Reinhard Weber didn't have any problems getting photos of Cambodians when he came to the Kingdom on a four-week trip last August.
The freelance journalist and TV producer from Munich, Germany, found the Cambodians he encountered to be more than happy to pose for photos whenever he pulled out his camera.
"Nobody said no. The people were very, very open, very kind and not afraid," Weber recalls, adding that he hadn't encountered the same degree of enthusiasm from people he has tried to photograph in other places he has visited on his travels.
An exhibition of Weber's photos, Faces of Cambodia, which is on display in February, conveys the friendliness that he experienced while traveling around the Kingdom.
Weber rented a motorbike in Kampong Cham and traveled on a small ferry to Koh Pbain, where he came across a huge celebration. When he entered the village, he initially thought it was a wedding. A young girl approached Weber and explained that it was the birthday party of her 80-something grandmother.
"She invited me to visit the celebration and to say hello to her grandma and grandpa in the livingroom of their house and take photos. She was so incredibly hospitable," he says.
Being so readily accepted by the people he photographed left Weber fascinated with Cambodia, he says, especially given the socio-economic circumstances of the people he met and the country's conflict-ridden past that affected so many Cambodians.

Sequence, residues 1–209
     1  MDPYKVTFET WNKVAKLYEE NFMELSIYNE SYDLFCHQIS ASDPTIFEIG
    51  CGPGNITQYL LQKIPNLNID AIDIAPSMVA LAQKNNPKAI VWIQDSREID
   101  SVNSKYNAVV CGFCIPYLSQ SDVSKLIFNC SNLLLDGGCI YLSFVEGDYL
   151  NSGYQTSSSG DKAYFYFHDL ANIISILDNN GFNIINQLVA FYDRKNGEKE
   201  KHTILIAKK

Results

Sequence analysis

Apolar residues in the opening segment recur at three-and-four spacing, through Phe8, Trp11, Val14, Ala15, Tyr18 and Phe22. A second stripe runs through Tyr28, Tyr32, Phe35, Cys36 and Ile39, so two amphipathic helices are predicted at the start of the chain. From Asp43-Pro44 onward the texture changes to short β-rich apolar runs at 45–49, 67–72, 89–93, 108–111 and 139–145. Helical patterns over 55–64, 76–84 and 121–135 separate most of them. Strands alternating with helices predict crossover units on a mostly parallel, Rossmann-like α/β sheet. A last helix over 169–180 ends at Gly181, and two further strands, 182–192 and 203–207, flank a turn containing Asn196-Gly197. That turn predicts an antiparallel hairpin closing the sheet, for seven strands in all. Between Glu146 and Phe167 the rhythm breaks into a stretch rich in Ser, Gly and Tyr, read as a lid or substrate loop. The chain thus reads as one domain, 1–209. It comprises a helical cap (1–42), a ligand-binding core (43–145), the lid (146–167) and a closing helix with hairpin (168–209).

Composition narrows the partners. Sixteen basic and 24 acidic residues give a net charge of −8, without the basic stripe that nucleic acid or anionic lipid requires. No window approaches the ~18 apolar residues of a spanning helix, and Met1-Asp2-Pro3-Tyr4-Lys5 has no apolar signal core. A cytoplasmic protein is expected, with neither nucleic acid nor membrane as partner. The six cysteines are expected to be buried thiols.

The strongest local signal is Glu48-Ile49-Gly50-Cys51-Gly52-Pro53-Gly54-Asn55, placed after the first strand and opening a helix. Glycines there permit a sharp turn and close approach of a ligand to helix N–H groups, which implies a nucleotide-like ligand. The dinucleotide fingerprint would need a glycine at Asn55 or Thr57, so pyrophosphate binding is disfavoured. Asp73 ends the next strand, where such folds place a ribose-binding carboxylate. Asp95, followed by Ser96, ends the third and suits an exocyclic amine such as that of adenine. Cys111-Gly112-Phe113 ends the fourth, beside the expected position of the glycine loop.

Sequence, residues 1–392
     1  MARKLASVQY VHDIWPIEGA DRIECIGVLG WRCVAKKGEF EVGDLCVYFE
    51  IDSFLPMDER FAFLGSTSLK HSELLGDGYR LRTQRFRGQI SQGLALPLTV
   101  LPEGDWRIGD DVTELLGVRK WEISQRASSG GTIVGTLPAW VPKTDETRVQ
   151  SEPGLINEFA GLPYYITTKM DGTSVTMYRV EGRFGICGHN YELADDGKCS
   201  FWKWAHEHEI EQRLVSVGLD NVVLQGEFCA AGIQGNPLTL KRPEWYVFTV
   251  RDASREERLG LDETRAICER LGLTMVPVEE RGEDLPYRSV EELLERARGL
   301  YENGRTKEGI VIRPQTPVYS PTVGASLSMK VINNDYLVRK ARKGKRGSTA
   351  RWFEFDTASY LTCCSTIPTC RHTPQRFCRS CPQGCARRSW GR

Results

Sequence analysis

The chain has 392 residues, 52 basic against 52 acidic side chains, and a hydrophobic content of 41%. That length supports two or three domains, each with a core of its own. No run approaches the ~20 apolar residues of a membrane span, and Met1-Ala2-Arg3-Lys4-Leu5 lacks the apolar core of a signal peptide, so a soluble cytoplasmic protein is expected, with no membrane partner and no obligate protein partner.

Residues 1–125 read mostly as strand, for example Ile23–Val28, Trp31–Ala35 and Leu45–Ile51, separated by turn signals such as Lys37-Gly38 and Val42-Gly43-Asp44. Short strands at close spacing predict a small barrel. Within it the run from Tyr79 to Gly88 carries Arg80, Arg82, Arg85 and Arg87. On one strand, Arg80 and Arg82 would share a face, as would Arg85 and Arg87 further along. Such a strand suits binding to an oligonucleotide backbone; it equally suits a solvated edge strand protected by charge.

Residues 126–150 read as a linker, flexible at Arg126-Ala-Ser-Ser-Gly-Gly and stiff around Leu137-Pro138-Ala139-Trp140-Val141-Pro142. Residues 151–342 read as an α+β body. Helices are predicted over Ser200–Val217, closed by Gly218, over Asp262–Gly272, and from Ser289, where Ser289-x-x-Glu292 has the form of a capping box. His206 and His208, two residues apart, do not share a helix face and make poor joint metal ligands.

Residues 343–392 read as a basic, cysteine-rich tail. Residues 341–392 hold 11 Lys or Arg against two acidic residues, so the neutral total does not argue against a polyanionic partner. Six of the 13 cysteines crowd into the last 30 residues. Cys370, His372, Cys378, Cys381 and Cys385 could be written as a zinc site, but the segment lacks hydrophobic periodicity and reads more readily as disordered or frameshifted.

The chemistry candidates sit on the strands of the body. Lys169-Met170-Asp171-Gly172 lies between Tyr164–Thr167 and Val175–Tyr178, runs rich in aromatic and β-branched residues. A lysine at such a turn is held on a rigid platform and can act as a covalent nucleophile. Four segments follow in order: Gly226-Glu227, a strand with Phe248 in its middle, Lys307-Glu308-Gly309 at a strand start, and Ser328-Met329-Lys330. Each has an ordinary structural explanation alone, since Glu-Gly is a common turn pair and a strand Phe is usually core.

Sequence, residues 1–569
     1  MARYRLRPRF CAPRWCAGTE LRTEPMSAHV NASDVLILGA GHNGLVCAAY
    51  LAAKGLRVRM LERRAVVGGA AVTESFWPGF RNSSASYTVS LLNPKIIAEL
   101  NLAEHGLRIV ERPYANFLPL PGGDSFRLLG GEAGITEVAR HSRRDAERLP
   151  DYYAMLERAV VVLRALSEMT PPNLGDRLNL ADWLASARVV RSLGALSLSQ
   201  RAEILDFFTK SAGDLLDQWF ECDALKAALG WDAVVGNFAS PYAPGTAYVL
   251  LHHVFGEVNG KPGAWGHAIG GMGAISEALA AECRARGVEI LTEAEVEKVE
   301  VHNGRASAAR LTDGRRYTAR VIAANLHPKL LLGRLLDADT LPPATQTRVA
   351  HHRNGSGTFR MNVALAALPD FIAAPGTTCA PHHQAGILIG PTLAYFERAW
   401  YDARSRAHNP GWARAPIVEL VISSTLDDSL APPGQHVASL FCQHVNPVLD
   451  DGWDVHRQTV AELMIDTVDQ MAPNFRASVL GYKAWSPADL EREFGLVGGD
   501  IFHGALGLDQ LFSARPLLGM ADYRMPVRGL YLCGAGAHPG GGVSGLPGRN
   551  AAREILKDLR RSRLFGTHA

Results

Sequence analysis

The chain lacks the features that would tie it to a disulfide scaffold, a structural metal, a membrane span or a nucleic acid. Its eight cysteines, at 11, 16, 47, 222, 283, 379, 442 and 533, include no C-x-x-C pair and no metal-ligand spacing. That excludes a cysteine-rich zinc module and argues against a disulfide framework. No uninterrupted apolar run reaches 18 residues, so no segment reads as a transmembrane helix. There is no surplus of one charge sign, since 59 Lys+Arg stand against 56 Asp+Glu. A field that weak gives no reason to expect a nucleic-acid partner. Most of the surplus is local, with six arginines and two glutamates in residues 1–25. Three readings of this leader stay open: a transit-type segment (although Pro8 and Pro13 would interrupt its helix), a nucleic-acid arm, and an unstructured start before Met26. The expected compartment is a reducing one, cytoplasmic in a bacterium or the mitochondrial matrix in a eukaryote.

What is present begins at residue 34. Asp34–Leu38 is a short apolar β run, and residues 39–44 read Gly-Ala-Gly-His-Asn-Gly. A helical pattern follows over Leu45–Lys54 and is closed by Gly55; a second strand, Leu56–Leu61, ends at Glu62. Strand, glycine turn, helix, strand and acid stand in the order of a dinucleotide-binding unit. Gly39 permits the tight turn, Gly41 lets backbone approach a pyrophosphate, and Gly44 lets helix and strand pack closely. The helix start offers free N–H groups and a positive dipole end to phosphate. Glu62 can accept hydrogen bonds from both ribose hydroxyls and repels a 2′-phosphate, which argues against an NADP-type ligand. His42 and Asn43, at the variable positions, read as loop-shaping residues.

"They do not have much, but they make the best of it. Their past could make them sad, but they are happy," he says. "The many small stories with local people made my trip through Cambodia a truly unique experience."
Weber, who makes short documentaries for German public TV, decided to make a trip to Cambodia after two of his friends convinced him it was a trip that he had to make someday. "They showed me their pictures and told me their stories, and I was thrilled. I stayed several times in Asia in Malaysia and Thailand, I like Asia, but I had never stayed in Cambodia."
Weber was able to secure some good connections with Cambodian people and institutions through his friends. "Reinhard did not only do the ordinary sightseeing, but was able to get involved in local birthday parties or Buddhist ceremonies and catch the soul of real Cambodia with his camera," says Michael Scholten, a German freelance photojournalist based in Phnom Penh who has been organizing photo exhibitions at The FCC in Phnom Penh in recent months.
Initially, Scholten says, the plan was to simply display his own photos of Cambodia and those taken by eight Cambodian children, who took part in his photo workshop in 2009. "When I found out that the waiting list for photographers at the FCC was not as long as I had expected, I considered it a great chance for some friends and colleagues to present their photos in an exhibition as well."